The complexity of sustainably developing research software is still largely
underrated and the question how to guarantee visibility and fair attribution of these efforts in the
scholarly environment remains open. However, with the continuing shift towards data-centric
science, the software utilized to produce the scientific output itself should be regarded as
scientific output as well. In many cases it is indispensable in order to reproduce the research
results and should therefore be made openly available.

In the realm of data a shift towards reusable and openly shared data sets is already underway.
Over the last years there is a general understanding evolving that not only a publication
should get scientific credit but documented and available datasets as well. A paradigm shift of
that dimension for research software is just beginning. Work in this direction is for instance done
in the FORCE11 Software Citation Working Group. Their Software Citation Principle states
that “Software citations should facilitate giving scholarly credit and normative, legal attribution to
all contributors to the software, recognizing that a single style or mechanism of attribution may
not be applicable to all software.”

The project aims at lowering the organisational and technical barriers for making
research software available and foster the reuse of it. Software is generally relying on a stack of
additional software like operating systems and libraries to be functional. To just provide a link to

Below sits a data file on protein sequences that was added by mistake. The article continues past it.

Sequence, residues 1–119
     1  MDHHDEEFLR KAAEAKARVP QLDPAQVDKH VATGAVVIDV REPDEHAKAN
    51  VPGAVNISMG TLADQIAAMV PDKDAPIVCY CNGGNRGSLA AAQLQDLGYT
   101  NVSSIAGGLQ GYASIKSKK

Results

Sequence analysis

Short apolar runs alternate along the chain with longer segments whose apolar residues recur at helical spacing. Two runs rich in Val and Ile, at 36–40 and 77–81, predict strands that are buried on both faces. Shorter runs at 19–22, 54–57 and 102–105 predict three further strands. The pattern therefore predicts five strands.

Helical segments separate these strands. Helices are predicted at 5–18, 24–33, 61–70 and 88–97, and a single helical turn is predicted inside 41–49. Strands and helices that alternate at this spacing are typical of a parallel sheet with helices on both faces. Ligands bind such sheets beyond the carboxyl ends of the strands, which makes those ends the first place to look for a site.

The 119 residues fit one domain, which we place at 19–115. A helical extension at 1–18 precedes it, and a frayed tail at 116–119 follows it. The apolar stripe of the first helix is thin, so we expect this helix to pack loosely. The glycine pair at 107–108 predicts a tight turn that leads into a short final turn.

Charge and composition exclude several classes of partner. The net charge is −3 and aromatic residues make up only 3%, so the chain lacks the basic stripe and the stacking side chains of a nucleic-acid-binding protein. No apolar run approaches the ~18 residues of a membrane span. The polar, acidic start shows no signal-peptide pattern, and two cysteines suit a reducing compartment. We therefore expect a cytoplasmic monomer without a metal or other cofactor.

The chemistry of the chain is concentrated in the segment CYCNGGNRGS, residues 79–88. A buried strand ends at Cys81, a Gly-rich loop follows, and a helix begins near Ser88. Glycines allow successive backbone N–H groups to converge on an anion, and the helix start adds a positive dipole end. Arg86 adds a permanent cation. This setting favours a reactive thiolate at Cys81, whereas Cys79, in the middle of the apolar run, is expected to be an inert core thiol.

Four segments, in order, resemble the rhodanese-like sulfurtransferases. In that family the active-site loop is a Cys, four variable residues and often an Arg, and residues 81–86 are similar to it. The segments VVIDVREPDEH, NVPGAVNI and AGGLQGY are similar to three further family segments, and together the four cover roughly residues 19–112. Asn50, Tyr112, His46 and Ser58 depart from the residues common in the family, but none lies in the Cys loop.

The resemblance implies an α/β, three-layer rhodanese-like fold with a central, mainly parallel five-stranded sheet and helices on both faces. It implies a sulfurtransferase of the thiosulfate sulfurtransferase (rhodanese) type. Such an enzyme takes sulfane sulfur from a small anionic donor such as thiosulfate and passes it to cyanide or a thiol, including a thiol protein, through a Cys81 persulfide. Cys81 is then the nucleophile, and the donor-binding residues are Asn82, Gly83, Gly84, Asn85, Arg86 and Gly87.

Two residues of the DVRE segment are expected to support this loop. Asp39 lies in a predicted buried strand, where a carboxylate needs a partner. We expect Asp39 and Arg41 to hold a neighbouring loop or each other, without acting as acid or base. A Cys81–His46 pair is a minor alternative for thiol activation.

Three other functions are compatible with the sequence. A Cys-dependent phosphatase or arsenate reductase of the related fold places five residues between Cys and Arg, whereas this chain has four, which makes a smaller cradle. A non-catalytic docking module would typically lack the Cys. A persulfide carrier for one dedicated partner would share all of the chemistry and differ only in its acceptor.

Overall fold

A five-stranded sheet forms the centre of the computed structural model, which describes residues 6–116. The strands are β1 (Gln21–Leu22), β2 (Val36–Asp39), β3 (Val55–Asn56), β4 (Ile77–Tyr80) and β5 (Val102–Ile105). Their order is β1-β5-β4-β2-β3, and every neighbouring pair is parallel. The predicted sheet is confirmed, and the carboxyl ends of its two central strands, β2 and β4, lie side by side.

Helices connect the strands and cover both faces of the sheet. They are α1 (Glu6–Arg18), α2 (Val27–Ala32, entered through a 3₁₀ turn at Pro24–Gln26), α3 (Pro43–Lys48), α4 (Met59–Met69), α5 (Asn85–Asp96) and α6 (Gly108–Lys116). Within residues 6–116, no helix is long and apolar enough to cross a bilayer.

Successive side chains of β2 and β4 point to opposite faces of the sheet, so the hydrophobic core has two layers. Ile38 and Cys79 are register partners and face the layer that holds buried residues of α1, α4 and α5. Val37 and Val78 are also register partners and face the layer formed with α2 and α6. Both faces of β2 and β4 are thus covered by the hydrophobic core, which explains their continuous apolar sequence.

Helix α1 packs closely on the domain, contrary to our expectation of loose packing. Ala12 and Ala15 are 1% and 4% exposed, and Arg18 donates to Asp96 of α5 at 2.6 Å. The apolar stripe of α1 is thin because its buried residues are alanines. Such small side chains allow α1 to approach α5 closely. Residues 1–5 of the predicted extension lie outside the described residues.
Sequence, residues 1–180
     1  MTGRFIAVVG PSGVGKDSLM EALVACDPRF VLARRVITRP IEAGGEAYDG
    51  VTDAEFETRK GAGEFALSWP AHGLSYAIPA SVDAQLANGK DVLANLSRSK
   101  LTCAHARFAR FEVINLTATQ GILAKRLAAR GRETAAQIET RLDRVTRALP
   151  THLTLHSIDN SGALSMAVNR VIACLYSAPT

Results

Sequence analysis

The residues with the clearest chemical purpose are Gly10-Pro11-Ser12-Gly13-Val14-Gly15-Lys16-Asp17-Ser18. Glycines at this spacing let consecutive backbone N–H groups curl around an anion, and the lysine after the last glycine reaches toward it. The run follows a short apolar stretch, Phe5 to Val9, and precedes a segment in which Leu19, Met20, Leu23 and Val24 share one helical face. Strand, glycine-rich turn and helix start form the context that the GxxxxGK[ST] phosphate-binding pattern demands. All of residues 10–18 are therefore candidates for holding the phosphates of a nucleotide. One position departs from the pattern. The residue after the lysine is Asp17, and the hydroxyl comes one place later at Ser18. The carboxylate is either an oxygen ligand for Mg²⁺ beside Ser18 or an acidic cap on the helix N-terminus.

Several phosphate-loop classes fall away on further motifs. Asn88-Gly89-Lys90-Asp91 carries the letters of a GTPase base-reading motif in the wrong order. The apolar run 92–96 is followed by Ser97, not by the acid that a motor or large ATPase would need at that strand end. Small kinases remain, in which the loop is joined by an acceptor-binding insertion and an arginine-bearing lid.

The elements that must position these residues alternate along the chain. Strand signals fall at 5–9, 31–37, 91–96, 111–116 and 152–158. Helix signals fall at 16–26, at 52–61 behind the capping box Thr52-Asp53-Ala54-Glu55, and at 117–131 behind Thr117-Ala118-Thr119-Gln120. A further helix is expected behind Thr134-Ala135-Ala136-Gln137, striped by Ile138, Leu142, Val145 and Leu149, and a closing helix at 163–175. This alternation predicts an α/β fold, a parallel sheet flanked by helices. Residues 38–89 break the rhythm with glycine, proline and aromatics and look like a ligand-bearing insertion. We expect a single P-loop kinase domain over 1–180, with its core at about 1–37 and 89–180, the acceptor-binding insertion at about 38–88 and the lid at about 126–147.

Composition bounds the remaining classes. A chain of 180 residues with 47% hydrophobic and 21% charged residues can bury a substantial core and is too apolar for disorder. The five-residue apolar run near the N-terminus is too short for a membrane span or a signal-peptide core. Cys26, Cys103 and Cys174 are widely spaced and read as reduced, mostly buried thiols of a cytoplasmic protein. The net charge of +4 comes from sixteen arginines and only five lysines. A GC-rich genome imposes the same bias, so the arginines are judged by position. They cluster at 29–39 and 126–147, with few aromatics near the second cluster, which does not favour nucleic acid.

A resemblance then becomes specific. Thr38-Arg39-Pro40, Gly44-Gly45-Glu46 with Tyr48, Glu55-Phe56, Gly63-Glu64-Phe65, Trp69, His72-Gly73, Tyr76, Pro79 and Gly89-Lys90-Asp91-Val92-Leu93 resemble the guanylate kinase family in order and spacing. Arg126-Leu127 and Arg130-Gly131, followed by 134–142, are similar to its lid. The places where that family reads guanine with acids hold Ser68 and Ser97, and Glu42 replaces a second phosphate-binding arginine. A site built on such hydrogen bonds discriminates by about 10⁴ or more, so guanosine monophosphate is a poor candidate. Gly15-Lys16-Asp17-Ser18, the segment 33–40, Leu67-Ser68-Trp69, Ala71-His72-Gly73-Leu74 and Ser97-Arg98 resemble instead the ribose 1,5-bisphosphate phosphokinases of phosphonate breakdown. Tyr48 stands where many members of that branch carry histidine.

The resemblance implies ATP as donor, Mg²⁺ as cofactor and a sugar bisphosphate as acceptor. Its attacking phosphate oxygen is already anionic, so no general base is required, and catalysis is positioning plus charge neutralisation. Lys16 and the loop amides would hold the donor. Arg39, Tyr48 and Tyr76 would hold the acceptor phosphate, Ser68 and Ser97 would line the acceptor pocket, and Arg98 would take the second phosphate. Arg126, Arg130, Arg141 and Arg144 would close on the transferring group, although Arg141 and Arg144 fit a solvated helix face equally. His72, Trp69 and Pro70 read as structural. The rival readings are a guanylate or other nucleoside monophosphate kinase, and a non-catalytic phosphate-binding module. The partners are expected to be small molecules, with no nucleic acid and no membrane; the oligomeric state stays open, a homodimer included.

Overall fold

a specific piece of software may render it useless for future use as required dependencies are
lost over time. To be most comprehensive, additionally metadata should be gathered as early in
the development process as possible. Therefore we intend to harvest the accompanying
metadata directly from the developing process at the time of the build. Through GitLab there is a
lot of necessary metadata available, such as changelogs, dependencies and contributors. This
metadata can be mapped to an agreed-upon metadata schema and transferred to a deployment
infrastructure. To reach a high degree of reliability this process should be automated. At the
core of the project is the exemplary research software Ubiquity Generator (UG) developed at
Zuse Institute Berlin. The envisioned infrastructure is comprised of widely used open source
components. The workflows developed in the course of the project
should be easily adaptable to different institutions and research facilities.

Parallel search tree generated by UG